Gore has something to do with grotesque, because it reveals the incompleteness of the body and his constant moving. It's a monstation of the body, flesh, organs, for taking mesure of the reality of our imminent death. Gore is a spectacle, a show, established on our fascination for death, blood, for the «real» body.

Born from the fusion of "slapstick" and "splatter", the term "splatstick" refer to an exageration of the repulsive horror in a comedic intention.
People who added this item 649 Average listal rating (400 ratings) 6.7 IMDB Rating 6.6
Bad Taste (1987)

Bad taste is a key word to understand gore. Gore must be tastefully bad, but in a interesting way. A film which only show flesh and organs is not really interesting. It's the way the director leads to this blood, flesh, organs, which is appealing.
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People who added this item 2713 Average listal rating (1915 ratings) 8 IMDB Rating 8.4

Tarantino isn't a classic "gore" director, although his work contains some interesting gore scenes, and shows a interesting side of what gore truly is. Gore is the show, the spectacle of flesh, blood, kill. The ending scene of Django contains a lot of this kind of gore. The intelligence of the director is to make us wait for this blood, since the beginning of the movie, focusing on revenge and constantly delaying it, as in Inglorious Basterds.
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People who added this item 912 Average listal rating (529 ratings) 7.1 IMDB Rating 7

Gore is often affiliated with porn (in this sense, the new cinematic category of torture porn isn't an accident) : it's because the effects seems to be the same. In gore, orgasm is replaced by the explosion of the body, the reveal of its interiority. In Ichi the Killer, Ichi is obsessed with the body. He wants to see blood, but more than this, violence, torture, suffering. It kind of overflows the motive of gore.
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People who added this item 189 Average listal rating (73 ratings) 6.6 IMDB Rating 6.3
In My Skin (2002)

In In My Skin, director Marina de Van explores the relationship between the spectator and the body on screen. Her character, Esther, become obsessed with her own skin, wanting to keep it, to own it, to remove it from herself. Pushing the visual limits by showing blood, skin, scars and body mutilations, the film let us feel a strong tension, asking the question : What are we willing to see?
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People who added this item 268 Average listal rating (165 ratings) 6.5 IMDB Rating 6.3
Rabid (1977)

Cronenberg is truly a master of what we call "body horror". In this film, as in much of the his films, we see progressively a virus mutating people into monsters.
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People who added this item 2043 Average listal rating (1377 ratings) 7.4 IMDB Rating 7.5
The Evil Dead (1983)

Gore isn't always funny, but when it is, it's because it pushes the boundaries of what is the body. Splatstick comedy is a way of showing too much, and in this too much we found joy, hilarity, because of the obvious grotesque of the situation. There is too much blood, flesh, horror in the scene to believe it.
natha3l's rating:
People who added this item 1587 Average listal rating (1080 ratings) 7.5 IMDB Rating 7.8
Evil Dead II (1987)

Evil Dead II is an interesting case. Recreating the original film, this one uses more special effects and add some truly gore and excessive scenes. This kind of overbidding satisfy the spectator, always eager for more.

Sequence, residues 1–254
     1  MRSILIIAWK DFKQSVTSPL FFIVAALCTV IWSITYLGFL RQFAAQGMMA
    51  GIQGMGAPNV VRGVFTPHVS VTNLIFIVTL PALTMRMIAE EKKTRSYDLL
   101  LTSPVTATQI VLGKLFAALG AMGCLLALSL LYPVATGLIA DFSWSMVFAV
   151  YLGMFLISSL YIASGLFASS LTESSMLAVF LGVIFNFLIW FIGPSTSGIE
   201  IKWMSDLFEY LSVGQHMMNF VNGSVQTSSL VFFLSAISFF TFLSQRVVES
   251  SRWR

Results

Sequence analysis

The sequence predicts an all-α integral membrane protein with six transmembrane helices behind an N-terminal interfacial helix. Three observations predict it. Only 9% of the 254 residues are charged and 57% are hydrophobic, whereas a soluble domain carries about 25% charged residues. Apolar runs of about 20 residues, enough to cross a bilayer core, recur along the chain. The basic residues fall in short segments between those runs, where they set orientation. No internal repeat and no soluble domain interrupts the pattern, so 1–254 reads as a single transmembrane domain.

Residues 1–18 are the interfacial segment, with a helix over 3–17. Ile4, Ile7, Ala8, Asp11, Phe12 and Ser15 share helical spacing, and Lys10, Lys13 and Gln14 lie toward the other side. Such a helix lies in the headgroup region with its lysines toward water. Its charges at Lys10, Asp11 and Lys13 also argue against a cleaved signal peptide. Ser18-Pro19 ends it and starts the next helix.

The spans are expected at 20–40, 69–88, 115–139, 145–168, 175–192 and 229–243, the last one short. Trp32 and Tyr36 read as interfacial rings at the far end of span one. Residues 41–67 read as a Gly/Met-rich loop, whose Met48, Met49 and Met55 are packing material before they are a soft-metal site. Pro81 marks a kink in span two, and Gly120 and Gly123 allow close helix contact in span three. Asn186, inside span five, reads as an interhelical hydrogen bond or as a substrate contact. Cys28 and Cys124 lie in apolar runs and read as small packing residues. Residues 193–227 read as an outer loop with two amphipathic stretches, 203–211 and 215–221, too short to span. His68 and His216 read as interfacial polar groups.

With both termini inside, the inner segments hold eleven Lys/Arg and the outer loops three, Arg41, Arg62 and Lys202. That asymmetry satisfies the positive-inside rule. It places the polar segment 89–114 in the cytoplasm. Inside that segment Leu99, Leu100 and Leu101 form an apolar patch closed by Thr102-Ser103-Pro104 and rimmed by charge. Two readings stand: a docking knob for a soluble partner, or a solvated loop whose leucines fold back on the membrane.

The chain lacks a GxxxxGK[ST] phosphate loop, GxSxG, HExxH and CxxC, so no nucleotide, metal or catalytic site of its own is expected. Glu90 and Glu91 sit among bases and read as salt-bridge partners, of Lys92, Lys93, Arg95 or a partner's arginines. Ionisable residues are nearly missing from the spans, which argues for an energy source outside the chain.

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Kitsch and "Camp"

Kitsch is assimilated to "bad taste" designed by upper classes. It's a form of imitation of aestetics canons, in a mercantile way. Kitsch is also the world of the object, an "empty" object, purely fonctionnal or representative of something (ex. : wax statues, ceramic reproductions of iconic images, etc.).

According to Susan Sontag, "Camp" is a form of reappropriation of bad taste (and sometimes "kitsch") by a new elite, born in the society of mass culture. It's also a form of dandysm which celebrates artificiality, the need of representation and sexual ambiguity.

For now, this section in really incomplete, but I'm beginning my research on the subject. If you have some suggestions, they are welcome.
People who added this item 80 Average listal rating (37 ratings) 7.3 IMDB Rating 6.7

A classic in what some have named "queer cinema", Pink Narcissus is an amalgam of colors, homoeroticism and highly aesthetic images. Representation of the Narcissus myth, Pink Narcissus show us an overload of artificial images stripped of their depth to go to a sophisticated emptiness.
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People who added this item 204 Average listal rating (99 ratings) 7.6 IMDB Rating 7.6

The kitsch dimension of the Jacques Demy's films isn't unintentional. Behind an apparent lightness or naivety, one can see some strong issues. Here, for example, murder is treated in a overnaive way, songs, dance, rhymes. A form of nostalgia of the american musical (although Gene Kelly plays a little role in it). One must see the little parodic way Demy treats the musical genre.
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People who added this item 26 Average listal rating (13 ratings) 7.4 IMDB Rating 7.2
Asparagus (2007)
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This strange mixture of genres (from "film noir" to horror film) became a cult classic by its ambiguity and, above all, the strange story behind it. The two stars, Bette Davis and Joan Crawford, who have always been strong rivals, are facing here in a dark tale a jealousy and hate. Elements of "camp" can be found here: the acting goes (too?) far, the presence of the actresses is strong, and to see Bette Davis, at her age, in this child dress, playing this crazy obsessional character, surely deals with some grotesque effect.